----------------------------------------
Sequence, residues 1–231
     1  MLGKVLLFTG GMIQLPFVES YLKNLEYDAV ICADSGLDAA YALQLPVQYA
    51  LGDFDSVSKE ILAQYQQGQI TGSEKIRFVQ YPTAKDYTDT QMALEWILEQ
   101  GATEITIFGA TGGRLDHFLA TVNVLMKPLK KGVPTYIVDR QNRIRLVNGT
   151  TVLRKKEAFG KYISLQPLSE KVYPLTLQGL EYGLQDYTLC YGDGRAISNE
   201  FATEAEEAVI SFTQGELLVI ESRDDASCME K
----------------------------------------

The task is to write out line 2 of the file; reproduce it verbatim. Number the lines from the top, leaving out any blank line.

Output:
     1  MLGKVLLFTG GMIQLPFVES YLKNLEYDAV ICADSGLDAA YALQLPVQYA